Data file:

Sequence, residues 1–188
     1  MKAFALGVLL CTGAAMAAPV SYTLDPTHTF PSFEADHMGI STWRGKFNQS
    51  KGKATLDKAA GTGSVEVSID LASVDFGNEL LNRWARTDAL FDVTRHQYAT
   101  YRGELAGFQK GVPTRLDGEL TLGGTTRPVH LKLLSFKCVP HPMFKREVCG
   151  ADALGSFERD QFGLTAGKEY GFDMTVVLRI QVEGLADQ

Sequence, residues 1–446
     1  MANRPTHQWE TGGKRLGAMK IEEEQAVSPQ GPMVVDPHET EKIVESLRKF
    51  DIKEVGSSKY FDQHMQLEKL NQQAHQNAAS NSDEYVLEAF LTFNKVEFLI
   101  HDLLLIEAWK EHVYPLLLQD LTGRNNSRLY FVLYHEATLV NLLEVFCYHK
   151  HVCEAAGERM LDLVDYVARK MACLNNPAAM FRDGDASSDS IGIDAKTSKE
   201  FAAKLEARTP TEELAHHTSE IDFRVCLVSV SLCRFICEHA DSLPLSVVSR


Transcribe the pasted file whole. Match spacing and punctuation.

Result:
Sequence, residues 1–188
     1  MKAFALGVLL CTGAAMAAPV SYTLDPTHTF PSFEADHMGI STWRGKFNQS
    51  KGKATLDKAA GTGSVEVSID LASVDFGNEL LNRWARTDAL FDVTRHQYAT
   101  YRGELAGFQK GVPTRLDGEL TLGGTTRPVH LKLLSFKCVP HPMFKREVCG
   151  ADALGSFERD QFGLTAGKEY GFDMTVVLRI QVEGLADQ

Sequence, residues 1–446
     1  MANRPTHQWE TGGKRLGAMK IEEEQAVSPQ GPMVVDPHET EKIVESLRKF
    51  DIKEVGSSKY FDQHMQLEKL NQQAHQNAAS NSDEYVLEAF LTFNKVEFLI
   101  HDLLLIEAWK EHVYPLLLQD LTGRNNSRLY FVLYHEATLV NLLEVFCYHK
   151  HVCEAAGERM LDLVDYVARK MACLNNPAAM FRDGDASSDS IGIDAKTSKE
   201  FAAKLEARTP TEELAHHTSE IDFRVCLVSV SLCRFICEHA DSLPLSVVSR